Post Trial Motions

How will Post Trial Motions Help in Overturning a Wrongful Conviction?

A well-written post-trial motion is an important tool in overturning a wrongful conviction. A post-trial motion allows any errors that occurred to be fixed without the need for a direct criminal appeal or a post-conviction petition. Even more important, any issues or arguments not raised in a post-trial motion are forfeited for appeal.

Post-trial motions are a critical aspect of a direct appeal.  Post-trial motions are filed after a jury has returned a finding of guilty. The purpose of post-trial motions is to alert the judge of errors that occurred during your trial. The post-trial motion serves to establish that your trial was not fair or that the jury returned an incorrect verdict. Post-trial motions are meant to ensure that errors are corrected as soon as possible.

Therefore, a successful post-trial motion can obviate the need to even file an appeal. That is why it is so important to hire a criminal appellate attorney as soon as possible after a finding of guilty.

Types of Post-Trial Motions in Illinois

Various post-trial motions exist. However, the most common post-trial motions are:

  1. Motion for a new trial;
  2. Motion to reconsider sentence;
  3. Motion to dismiss;
  4. Motion for judgment of acquittal;
  5. Motion for a trial order of dismissal; and
  6. Motion for judgment notwithstanding the verdict.


Every post-trial motion is not available in each case and when available post-trial motions must generally be filed together in one post-trial motion. A well written and well researched post-trial motion is an important step to attacking and overturning a wrongful conviction. A poorly written post-trial motion can cripple your appeal and could even result in you being unable to raise meritorious arguments on appeal.


Importance of Post-Trial Motions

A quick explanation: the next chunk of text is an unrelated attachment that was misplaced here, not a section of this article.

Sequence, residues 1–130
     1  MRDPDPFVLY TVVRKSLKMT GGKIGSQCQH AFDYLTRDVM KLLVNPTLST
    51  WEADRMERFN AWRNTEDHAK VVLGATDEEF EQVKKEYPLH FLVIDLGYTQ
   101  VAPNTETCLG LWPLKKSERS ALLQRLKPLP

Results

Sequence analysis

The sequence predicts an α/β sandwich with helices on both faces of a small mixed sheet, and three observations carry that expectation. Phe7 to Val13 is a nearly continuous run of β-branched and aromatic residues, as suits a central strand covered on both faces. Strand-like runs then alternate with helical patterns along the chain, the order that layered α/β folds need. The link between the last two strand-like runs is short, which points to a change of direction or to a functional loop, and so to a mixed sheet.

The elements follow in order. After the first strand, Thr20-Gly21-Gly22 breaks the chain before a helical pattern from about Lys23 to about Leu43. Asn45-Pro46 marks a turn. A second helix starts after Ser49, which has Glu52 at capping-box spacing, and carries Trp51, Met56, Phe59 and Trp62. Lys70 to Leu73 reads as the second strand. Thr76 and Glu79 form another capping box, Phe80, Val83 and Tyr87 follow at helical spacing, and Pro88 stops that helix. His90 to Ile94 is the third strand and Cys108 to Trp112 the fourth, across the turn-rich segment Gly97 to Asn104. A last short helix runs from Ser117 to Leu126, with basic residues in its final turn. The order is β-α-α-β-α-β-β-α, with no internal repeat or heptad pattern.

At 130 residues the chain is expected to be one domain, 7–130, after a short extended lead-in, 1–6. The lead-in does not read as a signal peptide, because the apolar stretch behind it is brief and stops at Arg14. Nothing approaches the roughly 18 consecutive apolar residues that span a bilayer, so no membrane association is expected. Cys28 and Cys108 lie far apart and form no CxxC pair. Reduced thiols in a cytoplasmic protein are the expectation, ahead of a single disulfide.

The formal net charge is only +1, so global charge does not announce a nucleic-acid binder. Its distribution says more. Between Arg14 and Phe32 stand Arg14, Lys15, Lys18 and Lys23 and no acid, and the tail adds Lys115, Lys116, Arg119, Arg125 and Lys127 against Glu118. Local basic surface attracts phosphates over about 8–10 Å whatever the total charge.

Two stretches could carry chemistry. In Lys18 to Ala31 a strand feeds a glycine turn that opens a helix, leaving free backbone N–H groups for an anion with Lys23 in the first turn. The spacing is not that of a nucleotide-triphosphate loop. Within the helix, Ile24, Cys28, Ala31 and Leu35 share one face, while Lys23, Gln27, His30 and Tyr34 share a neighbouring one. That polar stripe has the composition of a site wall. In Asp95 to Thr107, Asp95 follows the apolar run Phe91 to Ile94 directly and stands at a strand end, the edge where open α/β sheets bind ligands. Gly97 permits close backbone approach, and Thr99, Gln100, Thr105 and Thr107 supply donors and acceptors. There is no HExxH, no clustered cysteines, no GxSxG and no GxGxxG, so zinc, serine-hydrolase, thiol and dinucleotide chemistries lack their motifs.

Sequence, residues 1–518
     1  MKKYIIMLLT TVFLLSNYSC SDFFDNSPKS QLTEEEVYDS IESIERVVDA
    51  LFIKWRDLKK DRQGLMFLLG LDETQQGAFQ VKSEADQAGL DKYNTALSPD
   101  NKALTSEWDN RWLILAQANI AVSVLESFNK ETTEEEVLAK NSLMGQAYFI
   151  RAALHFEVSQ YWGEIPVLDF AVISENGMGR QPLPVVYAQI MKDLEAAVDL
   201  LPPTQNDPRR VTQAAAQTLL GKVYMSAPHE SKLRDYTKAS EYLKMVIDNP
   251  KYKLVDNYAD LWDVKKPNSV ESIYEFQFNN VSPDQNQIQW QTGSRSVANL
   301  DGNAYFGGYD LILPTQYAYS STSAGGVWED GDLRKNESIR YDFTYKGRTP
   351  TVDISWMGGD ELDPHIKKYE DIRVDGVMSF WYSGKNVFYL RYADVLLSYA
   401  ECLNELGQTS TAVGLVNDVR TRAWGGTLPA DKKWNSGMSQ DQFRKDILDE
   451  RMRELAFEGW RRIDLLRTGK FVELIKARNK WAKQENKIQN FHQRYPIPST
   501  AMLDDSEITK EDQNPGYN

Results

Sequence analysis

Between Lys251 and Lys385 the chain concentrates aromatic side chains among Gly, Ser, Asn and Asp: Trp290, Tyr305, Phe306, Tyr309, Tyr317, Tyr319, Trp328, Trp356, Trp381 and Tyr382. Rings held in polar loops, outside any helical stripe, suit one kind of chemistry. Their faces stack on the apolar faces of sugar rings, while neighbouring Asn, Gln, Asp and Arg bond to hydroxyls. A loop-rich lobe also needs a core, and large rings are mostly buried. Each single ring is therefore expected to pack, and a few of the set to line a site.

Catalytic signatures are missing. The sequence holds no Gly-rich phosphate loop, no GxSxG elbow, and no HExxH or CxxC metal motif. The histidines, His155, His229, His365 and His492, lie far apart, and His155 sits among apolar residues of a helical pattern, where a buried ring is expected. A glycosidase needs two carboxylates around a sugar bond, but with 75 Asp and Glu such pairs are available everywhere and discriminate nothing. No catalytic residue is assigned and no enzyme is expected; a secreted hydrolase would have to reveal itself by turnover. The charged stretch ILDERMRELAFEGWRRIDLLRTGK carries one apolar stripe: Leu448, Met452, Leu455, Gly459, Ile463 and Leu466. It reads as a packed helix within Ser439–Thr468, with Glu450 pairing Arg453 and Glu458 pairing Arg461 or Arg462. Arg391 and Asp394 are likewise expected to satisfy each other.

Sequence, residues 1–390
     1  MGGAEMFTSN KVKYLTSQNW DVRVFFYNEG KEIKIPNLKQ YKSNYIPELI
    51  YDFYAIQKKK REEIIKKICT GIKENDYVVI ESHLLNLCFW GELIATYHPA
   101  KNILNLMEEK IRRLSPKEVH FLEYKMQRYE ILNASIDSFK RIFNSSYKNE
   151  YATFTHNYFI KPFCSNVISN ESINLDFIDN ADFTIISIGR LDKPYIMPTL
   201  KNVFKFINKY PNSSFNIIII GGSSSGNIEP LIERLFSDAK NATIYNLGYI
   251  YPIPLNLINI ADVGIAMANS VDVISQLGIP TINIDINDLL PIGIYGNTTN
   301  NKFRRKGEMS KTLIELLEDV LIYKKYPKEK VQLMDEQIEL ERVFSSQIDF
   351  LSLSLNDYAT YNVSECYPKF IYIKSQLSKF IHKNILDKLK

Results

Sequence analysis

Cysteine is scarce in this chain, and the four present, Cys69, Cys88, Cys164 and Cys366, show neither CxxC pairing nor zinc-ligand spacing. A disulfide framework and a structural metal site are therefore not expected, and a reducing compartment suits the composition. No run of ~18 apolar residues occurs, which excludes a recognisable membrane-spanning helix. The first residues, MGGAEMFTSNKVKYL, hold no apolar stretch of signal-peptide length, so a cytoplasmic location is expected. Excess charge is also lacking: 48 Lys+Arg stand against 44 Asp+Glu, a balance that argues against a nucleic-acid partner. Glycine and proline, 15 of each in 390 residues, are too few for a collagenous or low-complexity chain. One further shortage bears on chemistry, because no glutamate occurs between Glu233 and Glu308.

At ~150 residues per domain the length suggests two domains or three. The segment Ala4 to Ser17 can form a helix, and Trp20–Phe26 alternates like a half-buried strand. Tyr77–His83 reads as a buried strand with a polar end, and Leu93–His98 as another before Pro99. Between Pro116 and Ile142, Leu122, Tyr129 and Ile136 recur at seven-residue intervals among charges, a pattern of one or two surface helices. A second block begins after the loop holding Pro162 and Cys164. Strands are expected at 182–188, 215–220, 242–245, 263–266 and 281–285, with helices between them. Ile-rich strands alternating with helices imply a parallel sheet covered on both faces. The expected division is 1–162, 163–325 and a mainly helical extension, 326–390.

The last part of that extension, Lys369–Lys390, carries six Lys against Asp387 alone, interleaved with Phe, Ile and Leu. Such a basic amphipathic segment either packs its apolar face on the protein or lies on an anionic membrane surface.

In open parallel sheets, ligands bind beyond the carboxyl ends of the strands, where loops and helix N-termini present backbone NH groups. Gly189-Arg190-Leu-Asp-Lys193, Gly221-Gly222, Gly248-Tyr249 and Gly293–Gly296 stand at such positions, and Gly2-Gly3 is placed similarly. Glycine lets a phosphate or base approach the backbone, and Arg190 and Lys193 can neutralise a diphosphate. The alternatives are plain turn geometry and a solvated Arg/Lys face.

Illinois Supreme Court requires that a motion for a new trial to be filed before filing an appeal. Additionally, the Rules state that anything not raised in the motion for a new trial cannot be raised on appeal. Furthermore, if you want to challenge the sentence on appeal then the Illinois Supreme Court Rules require you to file a motion to reconsider sentence. In a nutshell, filing weak post-trial motions or failing to list an error can result in you not being able to argue that error on appeal. The Rules regarding the filing of post-trial motions are also different depending on whether you had a jury trial or a bench trial.

Post-trial motions are an important part of a direct appeal in both criminal appeals and civil appeals. A good post-trial motion frames the appeal and is the first opportunity to attack a wrong decision. However, a bad post-trial motion can cripple your appeal. Failing to preserve an issue can cause you to forfeit it on appeal.

If you have been found guilty of a crime, it is not to late to get the justice that you deserve. We can file the appropriate post-trial motions on your behalf and we will comb through every aspect of your case to see if you received a fair and impartial trial.

Jaleel Law P.C.

1550 Spring Road, Suite 120

Oak Brook, Illinois  60523

United States (US)

Phone: 630-360-2LAW (2529)
Fax: 630-504-2107

Areas We Serve

Centrally located in Du Page County we represent clients in trial and appellate courts throughout Illinois including the counties of Cook County, Du Page County; Will County, and Kane County. We have won on behalf of clients at the Daley Center; 26th and California; Bridgeview; Skokie; Rolling Meadows; Maywood; Markham; and all the branch courts in Chicago; and the Northern District of Illinois along with all five Illinois Appellate Courts and the federal circuit court of appeals.